Thus when natural gas escapes from a leaky stove or from somewhere along the three million miles of pipeline that criss-cross the U.S., it can contribute powerfully to warming. Many of the lines along the vast distribution network are old and in need of maintenance or replacement. Some recent studies suggest that natural gas pipeline infrastructure is leaking up to five times more than previously estimated. Those leaks may have potentially dangerous health and safety as well as climate effects.

What’s more, since 2009, the costs of maintaining gas distribution systems has tripled, according to analysis from the Rocky Mountain Institute, and maintenance costs will likely to continue to rise. Those costs get passed along to consumers. In California, the state energy commission projects consumers could expect to pay more than double for their gas by 2050.

On average, one new natural gas customer gets hooked up every minute, the gas association said in a 2018 report. That means about 500,000 new hookups per year that could be avoided with electrification, says Baldwin.

“Once you build new homes, and put in natural gas pipes, people tend to stick with that,” says Ken Gillingham, an environmental and energy economist at Yale University.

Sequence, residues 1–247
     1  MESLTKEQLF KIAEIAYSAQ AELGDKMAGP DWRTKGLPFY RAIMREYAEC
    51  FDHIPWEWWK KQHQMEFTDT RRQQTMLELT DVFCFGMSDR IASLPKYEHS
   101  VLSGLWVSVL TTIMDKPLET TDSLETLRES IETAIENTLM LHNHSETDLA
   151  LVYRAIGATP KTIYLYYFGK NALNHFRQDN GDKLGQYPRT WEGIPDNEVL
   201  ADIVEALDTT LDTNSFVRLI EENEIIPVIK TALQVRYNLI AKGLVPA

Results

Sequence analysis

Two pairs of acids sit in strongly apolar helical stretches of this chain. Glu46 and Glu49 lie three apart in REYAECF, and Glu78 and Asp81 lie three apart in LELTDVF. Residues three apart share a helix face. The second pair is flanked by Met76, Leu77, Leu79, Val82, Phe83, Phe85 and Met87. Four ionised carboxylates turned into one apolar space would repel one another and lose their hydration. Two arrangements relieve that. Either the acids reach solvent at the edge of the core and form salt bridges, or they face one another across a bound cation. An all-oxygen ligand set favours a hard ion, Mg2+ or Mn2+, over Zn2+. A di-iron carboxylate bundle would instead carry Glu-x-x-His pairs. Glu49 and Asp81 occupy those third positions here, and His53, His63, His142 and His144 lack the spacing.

“Taking [gas] away would have devastating impacts without the environmental benefits some claim,” the gas association warned in its emailed statement.

The revolution could be complicated

Today, one in four Americans lives in an all-electric home, mostly in the South, where air conditioning is more of a concern than heating. But all-electric construction is expanding in cooler climates, as installation and construction costs decline and technology improves. The performance of electric heat pumps has improved so much that Maine, which depends more on heating oil than any other state, passed a law in 2019 calling for heat pumps to be installed in 100,000 homes by 2025.

One of the most complicated challenges in converting from gas to all-electric is maintaining affordable utility costs. For example, 70 percent of residents of low-income communities are renters who could get slammed on several fronts. If their housing converts to all-electric, utility bills will go up if the renovation leaves out necessary changes like upgrading insulation or adding efficient appliances. Upgrading housing, in turn, can encourage gentrification, driving low-income people out of their neighborhoods. And in the long term, as more gas customers end their gas service, those who remain could find themselves saddled with larger bills, because the fixed costs of the distribution system are borne by a smaller pool of customers.

Personal preferences can also get in the way of the conversion to all-electric. “People get really emotional about their gas stoves,” says Fei Wang, a buildings expert at the energy analytics firm Wood Mackenzie. Some professional chefs in particular have expressed their love of gas flames— though others have embraced magnetic induction stoves, the vanguard of electric cooking technology. The California Restaurant Association sued the city of Berkeley six week before the new ordinance took effect last year, and some cities like Denver have specifically carved out exceptions so people can keep their stoves.